The story of a boy fleeing his present, a man fleeing his past, and a trio of chimpanzees who are struggling not to flee at all.
Into the jungle. Into the wild. Into harm's way.
When he was a boy, Luc's mother would warn him about the "mock men" living in the trees by their home - chimpanzees whose cries would fill the night.
Luc is older now, his mother gone. He lives in a house of mistreated orphans, barely getting by. Then a man calling himself Prof comes to town with a mysterious mission. When Luc tries to rob him, the man isn't mad. Instead, he offers Luc a job.
Together, Luc and Prof head into the rough, dangerous jungle in order to study the elusive chimpanzees. There, Luc finally finds a new family - and must act when that family comes under attack.
As he did in his acclaimed novel Endangered, a finalist for the National Book Award, Eliot Schrefer takes us somewhere fiction rarely goes, introducing us to characters we rarely get to meet. The unforgettable result is the story of a boy fleeing his present, a man fleeing his past, and a trio of chimpanzees who are struggling not to flee at all.
I'd never seen a mock man until the Professor showed me one. I'd heard them, of course many evenings the chimpanzees would scream within the dark trees surrounding my village, their cries too strange for a person and too intimate for an animal. I still hear those shrieks, these years later. Whenever they got too loud, my mother and I would huddle on the floor of our hut, her arms wrapped tight around me. "This is why you must promise always to be home before dark, Luc," she would whisper. "If you're not, you'll become one of the kivili-chimpenze." The mock men.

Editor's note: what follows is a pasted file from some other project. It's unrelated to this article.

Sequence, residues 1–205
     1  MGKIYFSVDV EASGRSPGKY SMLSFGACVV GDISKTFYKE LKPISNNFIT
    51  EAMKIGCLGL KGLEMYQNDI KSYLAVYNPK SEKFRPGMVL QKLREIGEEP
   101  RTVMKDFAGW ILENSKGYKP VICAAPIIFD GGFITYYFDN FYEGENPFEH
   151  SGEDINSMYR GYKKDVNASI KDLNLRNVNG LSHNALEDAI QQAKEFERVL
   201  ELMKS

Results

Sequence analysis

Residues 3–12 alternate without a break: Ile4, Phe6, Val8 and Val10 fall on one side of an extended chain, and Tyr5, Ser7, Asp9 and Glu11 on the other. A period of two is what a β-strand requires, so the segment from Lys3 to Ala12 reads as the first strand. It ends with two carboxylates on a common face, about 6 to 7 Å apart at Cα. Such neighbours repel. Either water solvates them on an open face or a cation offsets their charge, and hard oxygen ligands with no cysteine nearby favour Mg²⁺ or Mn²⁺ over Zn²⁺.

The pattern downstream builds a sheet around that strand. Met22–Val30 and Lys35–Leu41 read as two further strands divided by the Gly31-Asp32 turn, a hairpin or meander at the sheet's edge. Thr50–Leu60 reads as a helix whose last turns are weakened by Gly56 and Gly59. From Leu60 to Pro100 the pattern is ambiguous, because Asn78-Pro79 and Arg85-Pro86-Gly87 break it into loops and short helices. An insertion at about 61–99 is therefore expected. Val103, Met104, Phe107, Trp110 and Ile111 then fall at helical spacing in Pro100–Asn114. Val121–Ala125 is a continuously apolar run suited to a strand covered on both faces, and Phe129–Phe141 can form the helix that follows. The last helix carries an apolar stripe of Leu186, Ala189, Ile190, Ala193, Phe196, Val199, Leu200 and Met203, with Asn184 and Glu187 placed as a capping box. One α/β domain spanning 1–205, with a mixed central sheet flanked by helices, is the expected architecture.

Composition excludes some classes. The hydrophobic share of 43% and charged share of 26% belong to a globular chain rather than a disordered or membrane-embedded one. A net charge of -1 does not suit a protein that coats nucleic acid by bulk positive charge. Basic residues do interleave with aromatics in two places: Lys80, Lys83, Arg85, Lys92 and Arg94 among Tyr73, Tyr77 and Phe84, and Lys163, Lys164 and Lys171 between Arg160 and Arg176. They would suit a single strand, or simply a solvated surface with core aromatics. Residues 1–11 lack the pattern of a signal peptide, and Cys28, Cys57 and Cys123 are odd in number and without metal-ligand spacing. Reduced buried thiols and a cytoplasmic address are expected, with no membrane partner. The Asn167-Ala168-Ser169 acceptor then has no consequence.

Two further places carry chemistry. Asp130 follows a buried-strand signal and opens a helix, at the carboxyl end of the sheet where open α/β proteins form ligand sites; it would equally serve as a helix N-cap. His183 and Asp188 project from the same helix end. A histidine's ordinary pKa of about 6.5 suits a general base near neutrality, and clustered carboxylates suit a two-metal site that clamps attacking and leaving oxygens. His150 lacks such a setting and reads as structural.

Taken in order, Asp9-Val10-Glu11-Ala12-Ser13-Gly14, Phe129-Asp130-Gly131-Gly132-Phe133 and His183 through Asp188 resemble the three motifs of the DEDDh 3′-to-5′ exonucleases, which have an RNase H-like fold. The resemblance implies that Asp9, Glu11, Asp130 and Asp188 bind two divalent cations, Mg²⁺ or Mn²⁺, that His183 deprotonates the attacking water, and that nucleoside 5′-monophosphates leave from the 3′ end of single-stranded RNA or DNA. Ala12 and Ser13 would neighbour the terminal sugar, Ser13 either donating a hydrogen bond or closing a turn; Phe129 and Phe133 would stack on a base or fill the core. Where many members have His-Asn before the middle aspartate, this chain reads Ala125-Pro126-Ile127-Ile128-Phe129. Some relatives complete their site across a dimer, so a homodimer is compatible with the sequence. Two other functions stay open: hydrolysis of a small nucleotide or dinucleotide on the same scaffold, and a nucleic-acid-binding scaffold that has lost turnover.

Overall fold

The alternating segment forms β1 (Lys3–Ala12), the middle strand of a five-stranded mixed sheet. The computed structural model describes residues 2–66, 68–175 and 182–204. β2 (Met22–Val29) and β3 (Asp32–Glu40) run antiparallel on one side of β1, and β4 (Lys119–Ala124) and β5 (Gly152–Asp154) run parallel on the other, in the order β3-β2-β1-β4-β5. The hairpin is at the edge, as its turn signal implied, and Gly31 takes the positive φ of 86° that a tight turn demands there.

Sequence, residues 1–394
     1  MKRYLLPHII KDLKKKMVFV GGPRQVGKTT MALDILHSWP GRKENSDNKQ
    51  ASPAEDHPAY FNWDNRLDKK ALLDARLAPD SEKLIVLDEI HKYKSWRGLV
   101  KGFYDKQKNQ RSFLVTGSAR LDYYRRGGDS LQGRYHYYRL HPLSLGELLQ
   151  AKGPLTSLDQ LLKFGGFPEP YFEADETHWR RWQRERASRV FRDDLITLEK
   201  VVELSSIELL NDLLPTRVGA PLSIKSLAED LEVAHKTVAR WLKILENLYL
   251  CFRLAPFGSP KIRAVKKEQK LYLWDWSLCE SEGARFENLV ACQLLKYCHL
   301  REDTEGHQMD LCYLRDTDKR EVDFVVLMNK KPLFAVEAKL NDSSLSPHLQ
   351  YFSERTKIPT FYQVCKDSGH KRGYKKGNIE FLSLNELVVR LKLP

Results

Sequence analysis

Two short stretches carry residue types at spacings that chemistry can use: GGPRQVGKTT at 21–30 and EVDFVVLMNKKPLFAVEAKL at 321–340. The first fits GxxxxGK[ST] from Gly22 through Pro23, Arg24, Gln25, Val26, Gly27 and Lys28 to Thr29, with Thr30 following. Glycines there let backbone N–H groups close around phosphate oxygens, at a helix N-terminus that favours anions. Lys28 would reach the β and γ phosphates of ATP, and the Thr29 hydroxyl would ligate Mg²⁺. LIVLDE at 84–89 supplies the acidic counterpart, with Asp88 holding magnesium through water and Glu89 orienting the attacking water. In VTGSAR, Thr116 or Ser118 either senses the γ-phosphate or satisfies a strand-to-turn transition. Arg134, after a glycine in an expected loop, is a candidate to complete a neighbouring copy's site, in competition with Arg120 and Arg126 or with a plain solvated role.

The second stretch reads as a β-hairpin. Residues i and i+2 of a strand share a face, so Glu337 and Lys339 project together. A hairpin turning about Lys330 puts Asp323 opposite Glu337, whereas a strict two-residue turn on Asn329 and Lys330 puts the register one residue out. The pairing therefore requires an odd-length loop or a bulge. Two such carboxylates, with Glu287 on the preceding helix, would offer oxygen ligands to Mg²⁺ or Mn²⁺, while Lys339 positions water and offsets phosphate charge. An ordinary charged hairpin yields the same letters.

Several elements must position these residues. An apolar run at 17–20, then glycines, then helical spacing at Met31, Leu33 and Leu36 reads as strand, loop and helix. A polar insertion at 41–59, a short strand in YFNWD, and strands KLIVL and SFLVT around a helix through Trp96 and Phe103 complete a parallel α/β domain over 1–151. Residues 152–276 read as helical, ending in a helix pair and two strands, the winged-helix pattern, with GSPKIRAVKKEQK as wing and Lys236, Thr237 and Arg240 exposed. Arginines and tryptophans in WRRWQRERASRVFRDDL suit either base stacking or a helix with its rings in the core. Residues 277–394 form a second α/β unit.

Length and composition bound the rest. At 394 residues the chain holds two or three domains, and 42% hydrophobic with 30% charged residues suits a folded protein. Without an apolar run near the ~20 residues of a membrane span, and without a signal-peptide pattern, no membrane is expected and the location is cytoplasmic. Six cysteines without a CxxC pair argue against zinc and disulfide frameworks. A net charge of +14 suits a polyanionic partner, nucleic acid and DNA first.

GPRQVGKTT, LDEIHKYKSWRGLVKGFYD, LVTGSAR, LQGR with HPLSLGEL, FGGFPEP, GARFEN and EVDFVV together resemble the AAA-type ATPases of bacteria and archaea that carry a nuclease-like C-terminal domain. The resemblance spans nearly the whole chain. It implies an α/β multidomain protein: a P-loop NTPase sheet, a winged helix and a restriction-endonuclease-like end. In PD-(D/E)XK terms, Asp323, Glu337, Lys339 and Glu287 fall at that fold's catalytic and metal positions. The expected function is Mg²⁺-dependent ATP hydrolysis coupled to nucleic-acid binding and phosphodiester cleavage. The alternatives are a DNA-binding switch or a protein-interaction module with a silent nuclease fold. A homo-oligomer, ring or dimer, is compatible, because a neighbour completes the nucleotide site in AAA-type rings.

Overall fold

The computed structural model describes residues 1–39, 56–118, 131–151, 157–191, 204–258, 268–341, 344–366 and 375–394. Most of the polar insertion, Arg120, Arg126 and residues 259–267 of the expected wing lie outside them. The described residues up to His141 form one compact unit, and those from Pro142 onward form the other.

I'd lean into the scratchy fabric of her boubou and wait for a hairy hand to come through the window. I'd imagine a lumpy head sniffing the air, black eyes staring into mine, lips pulling back from sharp teeth as the mock man lunged. I'd see us carried off into the jungle, one under each of the beast's arms.
My mother's warning worked; I was ...
Luc's greatest lesson – the one that secures his ability to feel at home – comes, in the end, from the chimpanzees themselves. "The chimps were rubbing off on me – no time ever seemed as important to them as right now." So too, Luc grows into a person who can be still, in both mind and body - who can be present and appreciate what is here and what is now. On the Inside or on the Outside, this is a vital lesson to learn and live by. I recommend Threatened to nature lovers, fans of survival stories, and anyone who wants a heart-racing adventure. This novel is marketed at young adults, but older folks will thoroughly enjoy it too.
(Reviewed by Tamara Smith).
Since the amount of shared genes between humans and non-human primates such as chimps is significant, the animals were once considered valuable test subjects in cutting-edge clinical studies. Essentially, because of this gene overlap, a trial medicine can be tested on a chimp and its subsequent effects used as a reliable signifier of that drug's effect on humans.
Since 2011, the United States and Gabon have been the only two countries in the world that use chimpanzees in medical research. There was a time when other countries did so as well. High-tech drugs, known as monoclonal antibodies, used to treat diseases such as rheumatoid arthritis, multiple sclerosis, Alzheimer's and different kinds of cancers, were among the ones tested on ...
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